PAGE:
On 2 November 2023 South Korea’s Unification Ministry published a press release titled “Families of detainees in North Korea to be recognised as victims of abduction and receive consolation money” in which it said that the government of the Republic of Korea would compensate family members of the six citizens detained in DPRK (North Korea). The ministry stated, “We hope that this will provide comfort and assistance to the families of detainees in North Korea”, while conceding that the government’s efforts “toward the families of the victims to relieve their pain and provide protection may not have been sufficient”.

Referring to the six detainees, who include “missionaries” Kim Jong Uk and Kim Kuk-gi, both charged with spying by the DPRK, the press release stated, “The North has sentenced our people to severe punishments and refused to provide even minimal information on confirming the life or death of those who had helped the under-privileged in North Korea… The Ministry of Unification took another substantial step by recognising the families of detainees in North Korea as victims of abduction, and conducted consultations and legal reviews with the relevant ministries to provide consolation money. On November 2, the Deliberative Committee on Compensation and Assistance to Victims of Abduction by North Korea held a meeting during which it decided to provide consolation money to victims, in accordance with Article 6 of the Act on Compensation and Assistance to Victims of Abduction by North Korea after Conclusion of the Military Armistice Agreement.”

Eric Foley, CEO of Voice of the Martyrs Korea, told NK News that while the compensation will do little to quell the concerns of the families, as they are only focused on the return of their loved ones, the compensation does reflect a renewed commitment to securing the detainees’ return and “can be received as a welcome sign”.

The amount of compensation, which ranges from 15 million to 20 million Korean won (€10,500 to €14,000) per family, is calculated by multiplying the monthly minimum wage by the period of abduction, with a ceiling of 36 times the monthly minimum wage at the time of the payment decision.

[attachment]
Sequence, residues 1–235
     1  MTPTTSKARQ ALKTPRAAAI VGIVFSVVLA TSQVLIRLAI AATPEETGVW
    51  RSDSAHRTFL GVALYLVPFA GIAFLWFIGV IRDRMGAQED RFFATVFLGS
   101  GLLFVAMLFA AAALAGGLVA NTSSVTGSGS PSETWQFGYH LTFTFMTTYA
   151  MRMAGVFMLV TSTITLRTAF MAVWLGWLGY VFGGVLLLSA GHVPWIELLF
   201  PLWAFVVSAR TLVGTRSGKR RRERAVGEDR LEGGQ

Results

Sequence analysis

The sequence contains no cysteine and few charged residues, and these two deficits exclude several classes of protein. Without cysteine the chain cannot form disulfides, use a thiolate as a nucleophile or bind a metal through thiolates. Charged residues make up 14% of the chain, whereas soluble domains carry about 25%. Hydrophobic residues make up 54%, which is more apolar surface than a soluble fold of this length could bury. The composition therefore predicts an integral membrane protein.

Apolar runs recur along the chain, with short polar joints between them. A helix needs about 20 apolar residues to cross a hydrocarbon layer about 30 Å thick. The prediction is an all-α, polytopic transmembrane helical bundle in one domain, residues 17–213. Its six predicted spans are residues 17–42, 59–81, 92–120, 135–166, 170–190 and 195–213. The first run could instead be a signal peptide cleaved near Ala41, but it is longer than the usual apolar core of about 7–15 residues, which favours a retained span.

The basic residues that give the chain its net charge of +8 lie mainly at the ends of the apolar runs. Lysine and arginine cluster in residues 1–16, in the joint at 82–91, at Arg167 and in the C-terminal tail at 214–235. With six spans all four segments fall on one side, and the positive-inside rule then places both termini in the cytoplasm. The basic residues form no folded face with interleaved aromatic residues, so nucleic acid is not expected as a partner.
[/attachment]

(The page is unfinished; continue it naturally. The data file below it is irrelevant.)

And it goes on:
7 October 2013 Missionary Kim Jong Uk went into North Korea from China, with religious materials.

8 October 2013 He was arrested and interrogated.

27 February 2014 Missionary Kim appeared before North Korean media to read a statement apologising for “anti-state crimes”.

30 May 2014 The Supreme Court tried Missionary Kim and found him guilty of spying and attempting to set up an underground church, and sentenced him to life imprisonment in labour camp.

2 February 2023 The families of South Korean detainees in North Korea met the UN Special Rapporteur on the situation of human rights in North Korea, Elizabeth Salmon, and family members of Kim Jong Uk and Kim Kuk-gi urged the UN to step up efforts for their repatriation. Kim Jong Uk’s elder brother Kim Jeong-sam said he gave a letter to the Rapporteur in which he pleaded for repatriation this year on the 70th anniversary of the armistice that halted the 1950-53 Korean War. He said she vowed to put her utmost efforts into bringing back the abductees.

2 November 2023 South Korea’s Unification Ministry issued a press release stating that families of detainees in North Korea including Kim Jong Uk and Kim Kuk-gi would receive compensation payments in recognition of their status as victims of abduction.

Read more about the persecution of Christians in North Korea.

(Chosun IlboCNN, Guardian, New York Daily Times, New York Times, NK News, Release International, Voice of the Martyrs Korea, World Watch Monitor, Yonhap News Agency)

Photo Credit: Voice of the Martyrs Korea